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There are moments in life when we pause to reflect. For me, receiving a professional honor ⏤ being inducted into the Hall of Fame of the “100 most powerful women in Canada” ⏤ was just such an opportunity. After decades of working hard and focusing on my goals, I finally took a moment to look back on my achievements, to examine how exactly I got to that point in life and who helped me along the way. And that’s when I realized what a crucial influence my father was, and how his open willingness to reject traditional gender norms was so instrumental in my professional success.
My father owned a small-town hotel. I started working there at age five and not just restocking towels or running errands. I was allowed to check in guests when they arrived. Visitors would often comment on my role, comparing me to a boy for my level of confidence. They said that, like a boy, I was a take charge individual, quick to act. But they were also quick to add, I smiled like a girl, so I was “still likable.”
One comment, in particular, stands out in my memory. A guest looked at me, then turned to my father and said, “You could put your daughter in the back alley and she could fend for herself. I wish my son had half that gumption.” My dad beamed with pride. To him, it meant he was doing something right. He saw no reason that I couldn’t do what boys could do. The knowledge that my dad, the most influential male in my life, saw me as equal to boys helped inspire strength and confidence throughout my youth ⏤ and I took it with me into the workplace.
While most fields are still heavily run by men, I entered a particularly tough industry for women: mining. Facing down sexism, both spoken and unspoken, was a daily part of my professional life. It took grit and fearlessness. Fortunately, thanks in large part to how I was raised, I had plenty of both. My male colleagues expected women to show them deference; I challenged them and questioned the traditional ways of doing business. They expected me to clean up coffee cups after management meetings; I did no more than my share. They expected me to be cautious and demure and were stunned when I picked up the phone to book a meeting with Peter Lynch, the famous investor who wrote One Up on Wall Street. Basically, I acted like a go-getter professional ⏤ and exactly like the men in the office. In this environment, however, smiling wasn’t enough to make me “still likable.” I was a threat.
As a woman exhibiting these traits, I developed a reputation as too tough, too aggressive. Our company lawyer even warned people about me: “Look out if you disagree with her. It’s like walking into a buzzsaw.” I didn’t let it stop me. I understood from an early age that I could fend for myself, even in an alley. I stuck with the job, plowed through, and became a vice president.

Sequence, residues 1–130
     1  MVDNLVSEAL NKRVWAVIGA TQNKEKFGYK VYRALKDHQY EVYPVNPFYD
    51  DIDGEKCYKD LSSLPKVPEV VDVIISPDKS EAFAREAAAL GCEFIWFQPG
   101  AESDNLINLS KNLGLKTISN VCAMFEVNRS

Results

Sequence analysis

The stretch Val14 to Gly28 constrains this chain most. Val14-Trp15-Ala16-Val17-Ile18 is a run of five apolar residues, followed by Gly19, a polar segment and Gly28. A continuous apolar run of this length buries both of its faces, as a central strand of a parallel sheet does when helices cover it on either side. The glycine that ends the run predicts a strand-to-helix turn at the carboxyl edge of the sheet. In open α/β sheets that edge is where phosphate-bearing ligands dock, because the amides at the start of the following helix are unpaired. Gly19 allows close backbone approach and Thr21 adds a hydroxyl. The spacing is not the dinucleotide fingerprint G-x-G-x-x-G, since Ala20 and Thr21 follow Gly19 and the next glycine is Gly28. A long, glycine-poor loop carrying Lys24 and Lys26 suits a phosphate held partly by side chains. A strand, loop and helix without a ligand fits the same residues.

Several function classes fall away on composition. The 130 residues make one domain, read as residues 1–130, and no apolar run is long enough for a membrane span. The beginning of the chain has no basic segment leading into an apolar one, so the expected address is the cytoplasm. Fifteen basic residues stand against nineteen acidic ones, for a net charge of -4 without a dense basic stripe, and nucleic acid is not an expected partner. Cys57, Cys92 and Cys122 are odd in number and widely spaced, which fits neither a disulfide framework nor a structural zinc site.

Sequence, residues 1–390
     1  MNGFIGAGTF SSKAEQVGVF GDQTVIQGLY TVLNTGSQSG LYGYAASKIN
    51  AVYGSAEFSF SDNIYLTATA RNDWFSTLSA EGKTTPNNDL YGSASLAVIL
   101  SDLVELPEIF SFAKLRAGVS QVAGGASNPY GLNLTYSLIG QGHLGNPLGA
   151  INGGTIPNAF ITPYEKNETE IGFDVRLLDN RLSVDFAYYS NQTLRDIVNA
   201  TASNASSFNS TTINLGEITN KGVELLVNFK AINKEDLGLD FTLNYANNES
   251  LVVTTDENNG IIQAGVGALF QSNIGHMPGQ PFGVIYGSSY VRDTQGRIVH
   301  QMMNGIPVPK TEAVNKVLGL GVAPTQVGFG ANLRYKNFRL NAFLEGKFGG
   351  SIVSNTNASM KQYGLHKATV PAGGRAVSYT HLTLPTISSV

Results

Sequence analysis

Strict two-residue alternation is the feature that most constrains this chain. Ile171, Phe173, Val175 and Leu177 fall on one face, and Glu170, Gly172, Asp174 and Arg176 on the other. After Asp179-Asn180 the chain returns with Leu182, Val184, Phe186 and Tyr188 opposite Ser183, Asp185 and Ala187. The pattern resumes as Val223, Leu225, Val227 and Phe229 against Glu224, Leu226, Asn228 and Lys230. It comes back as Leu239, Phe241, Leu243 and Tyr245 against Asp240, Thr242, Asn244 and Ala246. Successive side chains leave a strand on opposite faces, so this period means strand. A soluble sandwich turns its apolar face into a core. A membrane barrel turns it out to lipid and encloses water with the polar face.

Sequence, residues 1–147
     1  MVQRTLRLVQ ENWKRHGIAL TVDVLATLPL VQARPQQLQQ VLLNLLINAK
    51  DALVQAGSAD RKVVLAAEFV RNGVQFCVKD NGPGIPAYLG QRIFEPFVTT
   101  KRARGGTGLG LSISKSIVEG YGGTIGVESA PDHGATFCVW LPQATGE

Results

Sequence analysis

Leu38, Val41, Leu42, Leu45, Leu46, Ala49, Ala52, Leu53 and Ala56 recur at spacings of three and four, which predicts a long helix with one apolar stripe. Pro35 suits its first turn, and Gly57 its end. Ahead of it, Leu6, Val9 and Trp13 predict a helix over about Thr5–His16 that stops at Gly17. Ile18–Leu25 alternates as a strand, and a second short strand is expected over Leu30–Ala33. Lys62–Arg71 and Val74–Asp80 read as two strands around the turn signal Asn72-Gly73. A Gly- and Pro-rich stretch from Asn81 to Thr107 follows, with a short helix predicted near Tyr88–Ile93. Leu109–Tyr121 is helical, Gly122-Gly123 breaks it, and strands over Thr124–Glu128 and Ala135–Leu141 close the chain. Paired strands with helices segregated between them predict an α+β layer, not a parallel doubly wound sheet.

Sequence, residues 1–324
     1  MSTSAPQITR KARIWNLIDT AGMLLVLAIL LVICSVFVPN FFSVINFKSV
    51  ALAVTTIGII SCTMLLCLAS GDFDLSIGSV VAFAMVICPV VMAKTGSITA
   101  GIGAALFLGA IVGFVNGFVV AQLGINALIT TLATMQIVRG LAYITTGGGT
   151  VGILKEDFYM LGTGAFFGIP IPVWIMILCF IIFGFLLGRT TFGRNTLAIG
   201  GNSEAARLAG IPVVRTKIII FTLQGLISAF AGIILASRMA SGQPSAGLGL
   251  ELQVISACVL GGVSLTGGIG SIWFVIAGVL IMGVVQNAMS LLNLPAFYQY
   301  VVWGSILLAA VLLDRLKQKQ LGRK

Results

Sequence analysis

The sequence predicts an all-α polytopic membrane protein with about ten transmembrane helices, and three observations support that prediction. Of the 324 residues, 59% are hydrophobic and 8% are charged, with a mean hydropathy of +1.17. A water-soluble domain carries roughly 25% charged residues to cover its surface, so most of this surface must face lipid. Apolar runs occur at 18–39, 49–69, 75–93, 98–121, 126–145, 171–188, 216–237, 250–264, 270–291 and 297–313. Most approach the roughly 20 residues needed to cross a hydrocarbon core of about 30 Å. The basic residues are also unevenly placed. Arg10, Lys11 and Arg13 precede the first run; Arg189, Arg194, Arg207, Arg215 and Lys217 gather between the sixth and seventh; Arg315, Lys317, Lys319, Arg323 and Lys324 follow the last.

My father’s view of me as independent, strong, and equal to men didn’t just affect how I approached work, however. It also affected how I approached life. I knew, for example, that he would never have wanted a man to ask him for my hand in marriage. His response, I have no doubt, would have been, “Don’t ask me, ask her! I’m not the one that has to live with you.” I’ve always felt equal in my relationships, and my husband and I have always been equals as parents.
As I came to understand how much my father’s decisions helped shape and empower me, I started to explore these issues further. I began to learn more about how these sexist ideas hurt boys and men ⏤ and how hurtful the remark that man at my dad’s hotel made would have been to his son if he had heard it. I developed a new way of seeing things, and have even checked my own prejudices. There are times in the past that I’ve failed to realize the emotional capacity of some men in the workplace.
I’ve come to recognize that there are certain kinds of energy people think of as “masculine” and “feminine.” And rather than asking people to give up their associations with gender, which can be a very tough task, I’ve learned that the opposite tactic is more useful: to get people to embrace the fact that everyone has some of each, and that we should all make the most of it. I even left corporate life to work on the idea full time, by advising businesses and organizations on what I call ‘Gender Physics.’ This new career is a chance to pass along the lessons I got from my dad ⏤ lessons that I have tried to pass on to my own children, who are now grown.
My advice to fathers with girls: Encourage self-reliance in your daughters. Don’t worry anymore about them than you do about your sons. Don’t treat your daughters as more precious and breakable. Treat them as equally resilient and strong. This goes for mothers, too, who can also fall into stereotypical thinking. Know that your daughters are equally capable. That way, they’ll learn from you that they are.
Betty-Ann Heggie is a corporate director, speaker, blogger, philanthropist, and mentor. A former senior vice president with PotashCorp, she’s the author of the book ‘Gender Physics’ and writes on gender dynamics at her website, bettyannheggie.com.